Exclusion from Marriage: Historical Parallels
by Evan Wolfson
© December 1999, Evan Wolfson
Over the years, the laws governing civil marriage — as distinguished from religious marriage, which is appropriately left to each denomination — have evolved. Americans increasingly recognize that each individual should have the right to marry the person she or he loves and cares for, regardless of race, class, religion and the like. But this has not always been the case; loving relationships some deemed “immoral” or “unnatural” historically were proscribed. Less than 30 years ago it was illegal for individuals of different races to marry. Before that, it was illegal for African-Americans to marry at all.
Today, the freedom to marry continues to be unavailable to same-sex couples. Through a landmark case underway in Hawaii, lesbians and gay men are on the verge on winning the freedom to marry, with all its implications. A victory in the case will open the door for same-sex couples around the country to share in the same benefits and responsibilities available to opposite-sex couples.
Just as every historic step toward inclusion triggers some backlash, the first wave of what is expected to be a major political battle has already begun. By mid-1995 — even before the equal right to marry in Hawaii has been won — radical-right state legislators have proposed anti-marriage legislation aimed at thwarting recognition of the lawful marriages of same-sex couples.
In South Dakota, legislation purporting to block recognition of same-sex couples’ marriages was defeated in 1995. The bill read:
“Be it enacted by the legislature of the State of South Dakota: Any marriage between persons of the same gender is null and void from the beginning.” (S.D. House Bill 1184)
It bore a disturbing resemblance to the Virginia law that prohibited marriages between people of different races:
“All marriages between a white person and a colored person shall be absolutely void without any decree of divorce or other legal process.” (Va. Code Ann. =A7 20-57)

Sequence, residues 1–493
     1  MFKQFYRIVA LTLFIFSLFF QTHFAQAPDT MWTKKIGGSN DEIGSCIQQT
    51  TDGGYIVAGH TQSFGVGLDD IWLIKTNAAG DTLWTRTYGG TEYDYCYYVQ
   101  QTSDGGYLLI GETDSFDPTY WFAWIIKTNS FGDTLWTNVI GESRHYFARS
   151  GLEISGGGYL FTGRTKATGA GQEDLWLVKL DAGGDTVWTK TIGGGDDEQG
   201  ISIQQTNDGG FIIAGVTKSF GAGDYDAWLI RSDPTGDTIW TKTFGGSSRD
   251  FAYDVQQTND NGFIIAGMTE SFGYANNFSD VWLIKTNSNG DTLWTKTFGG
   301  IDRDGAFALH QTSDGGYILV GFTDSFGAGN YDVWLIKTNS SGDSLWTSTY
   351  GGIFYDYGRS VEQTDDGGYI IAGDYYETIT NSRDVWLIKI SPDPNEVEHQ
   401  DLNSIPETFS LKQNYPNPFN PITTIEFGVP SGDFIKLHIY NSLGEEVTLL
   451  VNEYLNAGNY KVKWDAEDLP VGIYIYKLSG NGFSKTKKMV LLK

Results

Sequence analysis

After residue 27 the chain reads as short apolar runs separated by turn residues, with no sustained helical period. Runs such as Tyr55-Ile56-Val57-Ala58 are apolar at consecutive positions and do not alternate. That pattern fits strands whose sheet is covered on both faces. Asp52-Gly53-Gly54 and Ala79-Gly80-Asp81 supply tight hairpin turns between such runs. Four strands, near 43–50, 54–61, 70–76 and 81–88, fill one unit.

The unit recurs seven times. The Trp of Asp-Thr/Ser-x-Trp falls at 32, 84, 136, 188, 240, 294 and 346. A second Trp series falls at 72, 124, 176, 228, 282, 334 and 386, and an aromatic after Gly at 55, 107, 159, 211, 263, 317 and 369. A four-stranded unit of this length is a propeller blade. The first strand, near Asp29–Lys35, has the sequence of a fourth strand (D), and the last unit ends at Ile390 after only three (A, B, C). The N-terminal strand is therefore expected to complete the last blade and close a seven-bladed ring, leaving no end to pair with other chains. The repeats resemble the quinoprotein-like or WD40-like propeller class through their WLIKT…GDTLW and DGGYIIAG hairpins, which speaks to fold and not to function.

Such miscegenation laws were common several decades ago.
Shortly after getting married in 1958, Mildred Jeter, a black woman, and Richard Loving, a white man, were arrested for violating Virginia's miscegenation law (a felony) and faced up to five years in prison. A court upheld their conviction by relying on attitudes about “unnatural” relationships that are directly parallel to those that are today used against same-sex couples:
“Almighty God created the races white, black, yellow, malay and red, and he placed them on separate continents. And but for the interference with his arrangement there would be no cause for such marriages. The fact that he separated the races show that he did not intend for the races to mix.”
As punishment for the “crime” of marrying the “wrong kind of person,” the trial judge forbade the couple from setting foot in their home state for 25 years! Their case, Loving v. Virginia, went to the U.S. Supreme Court, which in 1967 overturned the laws in sixteen states containing such “same-race restrictions” on people’s choice of a marriage partner.
As lesbian and gay couples around the country demand their freedom to marry, it should not be forgotten that the arguments used against same-sex marriages were once used, not long ago, against those who wished to marry a person of a different race. The freedom to marry, the right to a civil marriage license from the state, and the choice of whom to marry, should belong to each man and women, not the government.